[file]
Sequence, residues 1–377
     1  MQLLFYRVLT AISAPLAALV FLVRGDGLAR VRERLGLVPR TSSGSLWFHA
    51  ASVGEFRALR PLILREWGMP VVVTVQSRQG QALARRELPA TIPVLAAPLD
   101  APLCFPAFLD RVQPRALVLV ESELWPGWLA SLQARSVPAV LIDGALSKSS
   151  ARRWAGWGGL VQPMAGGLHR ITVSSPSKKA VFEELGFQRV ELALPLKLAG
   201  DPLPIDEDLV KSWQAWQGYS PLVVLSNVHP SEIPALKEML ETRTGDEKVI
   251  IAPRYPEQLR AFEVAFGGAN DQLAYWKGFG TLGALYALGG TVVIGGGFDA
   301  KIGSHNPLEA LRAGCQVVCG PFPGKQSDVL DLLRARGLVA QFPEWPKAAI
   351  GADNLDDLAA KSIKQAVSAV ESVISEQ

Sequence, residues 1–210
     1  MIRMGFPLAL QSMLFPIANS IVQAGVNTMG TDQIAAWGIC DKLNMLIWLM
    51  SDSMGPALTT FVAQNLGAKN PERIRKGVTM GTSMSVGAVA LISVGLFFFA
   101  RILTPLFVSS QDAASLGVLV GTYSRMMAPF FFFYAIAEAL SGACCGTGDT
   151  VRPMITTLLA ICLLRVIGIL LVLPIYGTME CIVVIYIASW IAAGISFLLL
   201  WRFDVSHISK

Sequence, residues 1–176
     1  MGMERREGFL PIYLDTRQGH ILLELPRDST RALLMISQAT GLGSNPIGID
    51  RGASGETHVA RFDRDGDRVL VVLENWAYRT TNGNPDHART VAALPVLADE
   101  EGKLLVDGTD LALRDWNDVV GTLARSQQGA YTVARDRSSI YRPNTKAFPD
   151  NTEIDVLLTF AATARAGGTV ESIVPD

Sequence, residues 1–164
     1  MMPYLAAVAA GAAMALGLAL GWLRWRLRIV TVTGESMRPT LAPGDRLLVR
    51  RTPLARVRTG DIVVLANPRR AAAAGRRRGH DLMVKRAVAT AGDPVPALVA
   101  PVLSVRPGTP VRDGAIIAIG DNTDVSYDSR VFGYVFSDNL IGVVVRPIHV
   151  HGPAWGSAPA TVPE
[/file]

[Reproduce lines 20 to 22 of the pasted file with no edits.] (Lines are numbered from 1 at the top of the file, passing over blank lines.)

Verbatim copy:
   151  NTEIDVLLTF AATARAGGTV ESIVPD

Sequence, residues 1–164
     1  MMPYLAAVAA GAAMALGLAL GWLRWRLRIV TVTGESMRPT LAPGDRLLVR